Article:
Danish Paper Valentines


When my kids were younger, they always wanted unique valentines to give their friends at school.  This pattern is one for traditional Danish hearts that are usually made with felt.  These are unique because they open at the top of the heart and you can put candy and messages inside.  I made these from scrapbook paper, but I'm sure construction paper would also work well.  

To get started, you need to make a template of a long oval that looks like this and measures approximately 4" wide and 10" long. The greater the length, the deeper the inside of the heart.

Find a coffee cup or small bowl that is a circle 4" across (diameter). Trace half of the circle on cardstock. Using a ruler at the widest part of the left and right sides of the semicircle, draw a line down 10". Place the cup between the ends of the lines to make the other end a semicircle. Now you have your template.

 Using the template, cut two ovals from your paper for each valentine. I decided to use red and pink papers. Stack one oval paper on top of the other and fold them in half so the rounded ends are together. 

 Beginning on the fold, cut three vertical lines upward toward the rounded ends, stopping about 1" from the top of the curved end. The three lines should be generally evenly spaced, so start in the center of the fold and then cut a line on either side. If you want to measure and draw, that's fine; however, after you do a few, you will learn you can just eye it and cut. It should look like this when you take the papers apart:

Now the weaving begins. Start with the papers folded and positioned like this:

Referring to the picture, the first pink strip will weave THROUGH the first foldedvred strip and then AROUND the next red strip and so on. It's a little hard to do at first, but don't be afraid to bend and twist the strips to get them weaved together.  They won't tear.  

Once you get the first pink strip weaved into the red strips, you will move on to the second pink strip. With each new row of pink strips you weave, you will want to slide the whole pink side up and to the left toward the curve of the red side. This will create room for you to weave the next strip. Start the second row by inserting the first red strip THROUGH the pink one (that's the opposite pattern from the first pink strip). This will create the checkerboard look. 

The third pink strip is woven just like the first. See how the pink side of the heart is sliding upwards and left toward the red curve? It's important to keep shifting it in that direction, especially as you get to the last pink strip to weave. After you weave each strip, make sure they are straight and lying flat.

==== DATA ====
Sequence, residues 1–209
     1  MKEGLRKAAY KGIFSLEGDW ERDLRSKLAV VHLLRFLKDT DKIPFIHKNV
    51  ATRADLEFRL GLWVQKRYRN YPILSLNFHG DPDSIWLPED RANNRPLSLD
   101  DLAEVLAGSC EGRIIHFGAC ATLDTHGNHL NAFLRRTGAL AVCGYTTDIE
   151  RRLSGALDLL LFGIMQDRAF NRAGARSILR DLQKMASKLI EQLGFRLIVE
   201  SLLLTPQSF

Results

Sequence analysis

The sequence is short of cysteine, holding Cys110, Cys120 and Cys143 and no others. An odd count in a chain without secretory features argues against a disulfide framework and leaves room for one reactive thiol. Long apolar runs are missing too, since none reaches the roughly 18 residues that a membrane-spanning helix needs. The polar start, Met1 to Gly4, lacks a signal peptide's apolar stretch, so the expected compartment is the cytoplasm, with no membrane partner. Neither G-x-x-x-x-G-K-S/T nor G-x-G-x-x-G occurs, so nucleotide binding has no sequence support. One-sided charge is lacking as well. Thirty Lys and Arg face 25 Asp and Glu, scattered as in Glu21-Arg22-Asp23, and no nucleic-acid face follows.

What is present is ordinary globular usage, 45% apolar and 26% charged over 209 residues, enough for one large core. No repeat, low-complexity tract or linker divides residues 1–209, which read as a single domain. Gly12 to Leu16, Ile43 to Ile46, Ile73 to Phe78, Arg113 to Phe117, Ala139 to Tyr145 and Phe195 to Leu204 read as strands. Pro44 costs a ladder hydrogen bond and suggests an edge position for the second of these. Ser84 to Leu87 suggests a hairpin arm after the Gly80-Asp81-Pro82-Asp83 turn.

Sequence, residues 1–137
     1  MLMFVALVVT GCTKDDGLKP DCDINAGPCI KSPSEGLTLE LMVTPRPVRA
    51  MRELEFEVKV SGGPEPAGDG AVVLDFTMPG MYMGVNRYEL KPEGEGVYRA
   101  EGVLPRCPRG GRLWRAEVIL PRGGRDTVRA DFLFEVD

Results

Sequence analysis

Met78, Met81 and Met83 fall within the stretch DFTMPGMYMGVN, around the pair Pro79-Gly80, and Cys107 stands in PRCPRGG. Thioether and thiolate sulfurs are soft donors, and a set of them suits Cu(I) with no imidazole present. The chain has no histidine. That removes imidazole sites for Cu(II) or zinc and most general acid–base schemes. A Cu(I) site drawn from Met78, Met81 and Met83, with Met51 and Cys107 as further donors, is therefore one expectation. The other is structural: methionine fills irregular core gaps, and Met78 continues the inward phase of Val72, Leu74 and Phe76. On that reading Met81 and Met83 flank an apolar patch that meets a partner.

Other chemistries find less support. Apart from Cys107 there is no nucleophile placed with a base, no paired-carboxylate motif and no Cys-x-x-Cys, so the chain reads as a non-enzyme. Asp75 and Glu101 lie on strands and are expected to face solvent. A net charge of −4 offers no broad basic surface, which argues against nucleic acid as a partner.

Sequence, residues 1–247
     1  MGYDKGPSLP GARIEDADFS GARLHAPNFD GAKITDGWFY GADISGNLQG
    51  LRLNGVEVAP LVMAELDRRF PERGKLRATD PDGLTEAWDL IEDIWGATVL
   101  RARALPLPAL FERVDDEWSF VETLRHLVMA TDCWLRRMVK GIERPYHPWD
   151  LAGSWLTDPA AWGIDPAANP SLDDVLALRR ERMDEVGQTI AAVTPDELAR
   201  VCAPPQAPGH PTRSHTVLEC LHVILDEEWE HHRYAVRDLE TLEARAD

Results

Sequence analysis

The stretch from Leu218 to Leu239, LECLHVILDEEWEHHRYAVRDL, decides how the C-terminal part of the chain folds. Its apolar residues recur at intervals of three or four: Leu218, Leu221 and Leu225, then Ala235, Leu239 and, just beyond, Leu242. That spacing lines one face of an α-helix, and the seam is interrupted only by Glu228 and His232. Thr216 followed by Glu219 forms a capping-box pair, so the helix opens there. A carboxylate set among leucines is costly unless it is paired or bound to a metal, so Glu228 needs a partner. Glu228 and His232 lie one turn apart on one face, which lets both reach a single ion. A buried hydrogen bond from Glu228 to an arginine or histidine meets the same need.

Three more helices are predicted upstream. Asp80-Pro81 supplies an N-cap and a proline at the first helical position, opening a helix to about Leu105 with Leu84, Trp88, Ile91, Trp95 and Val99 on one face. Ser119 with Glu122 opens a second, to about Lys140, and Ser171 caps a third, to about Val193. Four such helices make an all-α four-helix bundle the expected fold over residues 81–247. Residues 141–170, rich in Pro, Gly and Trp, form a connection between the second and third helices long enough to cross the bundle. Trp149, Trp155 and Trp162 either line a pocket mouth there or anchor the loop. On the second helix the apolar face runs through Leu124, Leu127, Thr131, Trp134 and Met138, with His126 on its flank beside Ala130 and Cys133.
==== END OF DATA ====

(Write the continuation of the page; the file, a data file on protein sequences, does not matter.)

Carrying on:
The last row is like the second. 

Here's the last important step. To finish, you want to hold the curved end of red in one hand and the curved end of the pink in the other. Gently pull them up and out to get the weaved strips to lay flat and fit snugly together with no gaps.  You should notice by now that you have been treating the red and pink sides as flat one-dimensional shapes. Now that you are finished, you can open the heart and see the inside pocket:

Because my papers are only printed on one side, the inside of my hearts are white. If you use construction paper or other paper with two colored sides, you will see the woven colors inside the heart. This is where you can put candy or little notes for your valentine.

Most of the hearts I made used two different patterns of paper, but in the next picture you can see what it looks like when you use the same pattern of paper for both sides of the heart. If you like that checkerboard look, be sure to use high contrast designs like the second picture.

Once you learn how to make these, you can enlist your kids to help. It's a great kid craft that uses no glue and uses only a few pieces of paper. Years ago, I made 30 of these for my daughter's class and she enjoyed writing inside and stuffing them with candy. 

Whatever you do for Valentine's Day, make it fun for the whole family!



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